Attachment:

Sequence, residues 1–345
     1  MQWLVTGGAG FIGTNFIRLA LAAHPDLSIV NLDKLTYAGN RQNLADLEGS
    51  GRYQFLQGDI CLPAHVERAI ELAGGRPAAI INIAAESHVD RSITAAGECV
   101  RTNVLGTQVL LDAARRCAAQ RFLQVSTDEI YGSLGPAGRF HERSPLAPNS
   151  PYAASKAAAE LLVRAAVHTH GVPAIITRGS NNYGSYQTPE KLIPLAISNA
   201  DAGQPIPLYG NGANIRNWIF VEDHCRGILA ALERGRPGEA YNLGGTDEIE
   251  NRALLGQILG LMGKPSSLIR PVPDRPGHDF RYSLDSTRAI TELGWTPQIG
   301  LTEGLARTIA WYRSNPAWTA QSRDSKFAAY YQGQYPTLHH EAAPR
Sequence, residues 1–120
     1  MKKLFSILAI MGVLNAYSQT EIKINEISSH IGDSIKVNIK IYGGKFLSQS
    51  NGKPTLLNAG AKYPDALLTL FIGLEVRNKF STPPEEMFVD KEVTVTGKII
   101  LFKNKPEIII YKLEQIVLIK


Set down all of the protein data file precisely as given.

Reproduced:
Sequence, residues 1–345
     1  MQWLVTGGAG FIGTNFIRLA LAAHPDLSIV NLDKLTYAGN RQNLADLEGS
    51  GRYQFLQGDI CLPAHVERAI ELAGGRPAAI INIAAESHVD RSITAAGECV
   101  RTNVLGTQVL LDAARRCAAQ RFLQVSTDEI YGSLGPAGRF HERSPLAPNS
   151  PYAASKAAAE LLVRAAVHTH GVPAIITRGS NNYGSYQTPE KLIPLAISNA
   201  DAGQPIPLYG NGANIRNWIF VEDHCRGILA ALERGRPGEA YNLGGTDEIE
   251  NRALLGQILG LMGKPSSLIR PVPDRPGHDF RYSLDSTRAI TELGWTPQIG
   301  LTEGLARTIA WYRSNPAWTA QSRDSKFAAY YQGQYPTLHH EAAPR
Sequence, residues 1–120
     1  MKKLFSILAI MGVLNAYSQT EIKINEISSH IGDSIKVNIK IYGGKFLSQS
    51  NGKPTLLNAG AKYPDALLTL FIGLEVRNKF STPPEEMFVD KEVTVTGKII
   101  LFKNKPEIII YKLEQIVLIK